Sitting under a tree in the terrace of the small and welcoming hostel in front of the Abbey, it doesn’t take long to get to know the place. Here, everything is all set for exchange, conviviality or even solitude if you desire. Nothing will come to disturb your tranquility. The location encourages you to be at peace. There is nothing to distract you like stress, arguments, hectic traffic or those salespeople selling cheap rubbish that appear ‘as soon as there are three stones to visit’. Nor are there garish banners under which hordes of tired tourists crowd together yelling whilst shuffling about. The Abbey is in the village of Bruère-Allichamps. There is a Roman mile marker a little further away to the north indicating that we find ourselves in the historic centre of France, and indeed Europe.
Laura is a 20-year-old Italian who will start her second year studying history of art in Paris next autumn. She is making the most of the summer break in order to improve her French, the language that she ‘loves’. ‘Do you come here often?’ she asks me. I respond, ‘Several times a week’. She seems surprised so I hasten to add that I live nearby. 'What luck,' exclaims Irene, a French Norwegian who shares an apartment with her Italian friend. She sighs as she says she likes Paris, 'but big cities are tiring!' Laura, next to her, looks at the pastoral scene in the coolness surrounding us. We descend gently down some hills which once upon a time were overrun with wolves and bandits before the monks cleared around the sandy banks of the Cher. On the property, the trees are almost spectacularly baroque in their lopsidedness, punctuating like a counterpoint the stately harshness of the medieval buildings dating back to as early as 1150.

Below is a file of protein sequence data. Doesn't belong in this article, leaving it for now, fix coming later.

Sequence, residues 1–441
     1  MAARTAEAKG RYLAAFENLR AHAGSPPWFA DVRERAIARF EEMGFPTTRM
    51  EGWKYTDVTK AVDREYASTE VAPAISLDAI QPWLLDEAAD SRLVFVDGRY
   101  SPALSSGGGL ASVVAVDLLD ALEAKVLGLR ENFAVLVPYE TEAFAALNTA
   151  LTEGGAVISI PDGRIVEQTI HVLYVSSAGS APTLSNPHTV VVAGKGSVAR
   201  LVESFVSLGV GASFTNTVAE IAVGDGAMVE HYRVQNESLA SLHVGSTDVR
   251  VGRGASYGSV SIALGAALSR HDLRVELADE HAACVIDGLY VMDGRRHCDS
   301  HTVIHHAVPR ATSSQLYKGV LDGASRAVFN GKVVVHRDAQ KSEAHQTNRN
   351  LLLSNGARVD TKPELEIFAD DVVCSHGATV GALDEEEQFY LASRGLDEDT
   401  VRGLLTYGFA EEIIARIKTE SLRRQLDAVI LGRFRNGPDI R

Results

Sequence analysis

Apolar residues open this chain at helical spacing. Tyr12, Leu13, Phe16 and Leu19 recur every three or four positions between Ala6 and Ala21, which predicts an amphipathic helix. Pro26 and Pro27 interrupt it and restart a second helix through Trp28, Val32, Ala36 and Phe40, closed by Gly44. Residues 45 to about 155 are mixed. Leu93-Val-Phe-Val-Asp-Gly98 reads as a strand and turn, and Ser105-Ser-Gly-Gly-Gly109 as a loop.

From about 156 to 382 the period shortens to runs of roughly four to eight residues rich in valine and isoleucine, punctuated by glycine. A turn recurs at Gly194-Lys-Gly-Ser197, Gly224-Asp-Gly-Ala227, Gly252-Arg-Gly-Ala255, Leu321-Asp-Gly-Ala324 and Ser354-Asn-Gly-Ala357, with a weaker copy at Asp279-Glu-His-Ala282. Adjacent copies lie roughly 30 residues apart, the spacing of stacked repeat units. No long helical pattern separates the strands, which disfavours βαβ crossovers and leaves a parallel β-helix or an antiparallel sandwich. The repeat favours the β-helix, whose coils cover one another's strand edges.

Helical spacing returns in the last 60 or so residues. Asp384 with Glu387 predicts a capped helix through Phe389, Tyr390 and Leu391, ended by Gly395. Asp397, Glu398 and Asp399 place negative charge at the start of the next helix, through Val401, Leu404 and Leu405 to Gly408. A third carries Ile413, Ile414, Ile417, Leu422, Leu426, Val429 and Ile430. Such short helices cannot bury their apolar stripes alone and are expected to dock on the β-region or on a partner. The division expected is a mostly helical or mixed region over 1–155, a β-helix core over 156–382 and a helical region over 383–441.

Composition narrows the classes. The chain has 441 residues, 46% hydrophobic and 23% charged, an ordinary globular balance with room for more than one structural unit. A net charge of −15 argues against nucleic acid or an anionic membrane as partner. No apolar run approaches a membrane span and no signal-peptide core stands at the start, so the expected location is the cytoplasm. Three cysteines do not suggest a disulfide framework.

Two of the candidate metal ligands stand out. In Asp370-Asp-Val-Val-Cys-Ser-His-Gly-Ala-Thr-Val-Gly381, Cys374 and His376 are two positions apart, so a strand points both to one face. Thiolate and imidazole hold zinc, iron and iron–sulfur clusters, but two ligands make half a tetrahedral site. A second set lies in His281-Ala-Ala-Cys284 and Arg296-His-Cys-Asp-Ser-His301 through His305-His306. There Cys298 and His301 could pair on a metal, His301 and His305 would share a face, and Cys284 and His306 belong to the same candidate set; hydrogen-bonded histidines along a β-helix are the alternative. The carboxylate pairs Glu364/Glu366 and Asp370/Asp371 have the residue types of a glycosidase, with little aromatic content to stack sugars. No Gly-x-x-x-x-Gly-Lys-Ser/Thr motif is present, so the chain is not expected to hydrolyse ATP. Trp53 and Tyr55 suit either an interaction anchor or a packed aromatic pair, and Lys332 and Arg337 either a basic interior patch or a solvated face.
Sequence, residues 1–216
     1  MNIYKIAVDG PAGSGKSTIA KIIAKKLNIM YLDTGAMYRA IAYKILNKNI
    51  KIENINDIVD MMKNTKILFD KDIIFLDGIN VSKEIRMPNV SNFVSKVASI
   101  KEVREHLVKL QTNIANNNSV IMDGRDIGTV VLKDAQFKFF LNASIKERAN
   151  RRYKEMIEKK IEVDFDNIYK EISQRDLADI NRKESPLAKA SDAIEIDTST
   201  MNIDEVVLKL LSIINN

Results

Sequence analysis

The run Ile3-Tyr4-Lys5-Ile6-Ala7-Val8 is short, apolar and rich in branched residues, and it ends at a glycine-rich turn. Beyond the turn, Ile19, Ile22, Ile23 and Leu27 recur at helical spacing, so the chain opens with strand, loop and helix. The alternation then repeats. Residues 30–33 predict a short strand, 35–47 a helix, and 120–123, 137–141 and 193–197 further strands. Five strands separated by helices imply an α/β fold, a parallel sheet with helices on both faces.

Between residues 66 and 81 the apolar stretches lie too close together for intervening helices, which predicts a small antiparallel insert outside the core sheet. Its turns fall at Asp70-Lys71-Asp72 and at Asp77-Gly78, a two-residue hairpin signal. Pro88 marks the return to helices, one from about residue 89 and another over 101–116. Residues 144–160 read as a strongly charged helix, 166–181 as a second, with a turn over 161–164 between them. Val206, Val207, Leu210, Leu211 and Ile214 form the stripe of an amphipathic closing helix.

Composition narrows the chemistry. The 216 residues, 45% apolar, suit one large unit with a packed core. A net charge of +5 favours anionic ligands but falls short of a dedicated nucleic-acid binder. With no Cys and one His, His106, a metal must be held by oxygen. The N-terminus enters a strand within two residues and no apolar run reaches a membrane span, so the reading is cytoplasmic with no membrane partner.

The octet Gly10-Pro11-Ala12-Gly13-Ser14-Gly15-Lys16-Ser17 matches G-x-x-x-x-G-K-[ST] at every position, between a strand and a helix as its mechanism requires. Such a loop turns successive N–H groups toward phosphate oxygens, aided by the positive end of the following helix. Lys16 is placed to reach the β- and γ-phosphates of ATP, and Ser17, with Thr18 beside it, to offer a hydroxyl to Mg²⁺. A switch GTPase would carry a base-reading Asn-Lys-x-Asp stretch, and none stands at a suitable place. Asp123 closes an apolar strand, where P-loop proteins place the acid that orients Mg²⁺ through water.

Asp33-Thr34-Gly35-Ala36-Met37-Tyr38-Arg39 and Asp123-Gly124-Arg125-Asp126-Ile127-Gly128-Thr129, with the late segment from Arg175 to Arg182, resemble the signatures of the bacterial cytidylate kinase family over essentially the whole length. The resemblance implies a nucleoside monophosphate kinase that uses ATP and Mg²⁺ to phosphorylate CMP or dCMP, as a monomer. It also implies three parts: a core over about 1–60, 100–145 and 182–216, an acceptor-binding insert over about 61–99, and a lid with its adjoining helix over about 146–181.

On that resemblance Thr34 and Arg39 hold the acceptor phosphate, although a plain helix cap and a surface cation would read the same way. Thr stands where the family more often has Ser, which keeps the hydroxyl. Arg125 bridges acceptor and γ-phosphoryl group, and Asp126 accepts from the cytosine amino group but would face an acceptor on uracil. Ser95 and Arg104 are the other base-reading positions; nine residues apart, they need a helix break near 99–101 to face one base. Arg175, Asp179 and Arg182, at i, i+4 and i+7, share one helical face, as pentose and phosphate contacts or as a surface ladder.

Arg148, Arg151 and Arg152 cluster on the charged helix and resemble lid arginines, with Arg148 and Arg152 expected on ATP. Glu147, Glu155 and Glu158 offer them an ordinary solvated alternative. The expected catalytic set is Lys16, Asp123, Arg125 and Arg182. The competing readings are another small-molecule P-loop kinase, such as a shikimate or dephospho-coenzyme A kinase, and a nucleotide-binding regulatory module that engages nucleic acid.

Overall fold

Whether you be a walker, tourist or a new type of pilgrim, Noirlac Abbey has all the qualities needed for it to be a haven of peace and focus. It is ideal for those wishing to recharge a little before carrying on their journey. If that is not enough the musical encounters that the Abbey has been running for a quarter of a century, this year premieres a new format of two long weekends between 10 and 20 July.
Paul Fournier, the Abbey’s director and musicologist, has given responsibility of the programme and musical organisation of the season to Philippe Nahon (creator of the group Ars Nova). Sacred and secular music is being mixed with contemporary works such as those of the Lebanese composer Zad Moultaka. For the director of the festival, the aim is to create links between musical styles that appear unrelated. ‘Crossings’ aims to create this both original and mixed meeting of scholarly music.
Under the arches
Laura from Vincenza says it's the architecture that speaks to her. I can no longer stop myself from exclaiming ‘Palladio’. This is why she seemed so vexed earlier when we spoke about the gothic period. She seems confused and very surprised that historically this style appears so early. I remark to her that the Cistercians were part of the birth of the primitive gothic era with their desire to honour God with zeal entailing the rib vault. This architecture also had economic logic as the complex romanesque vaults required a lot of money to construct and complicated masonry. We conclude that the two styles travel along the same lines, and there is not such a strict separation. One must learn how to create links in architecture as in music.
These two great enthusiasts of ‘baroque’ music are drawn by the variety of the programme and affordable prices. They may even return within a week or two. ‘We’ve seen a number of small rural gites and guest rooms in the area on the waterfront... that won't break the bank,’ concludes Irene.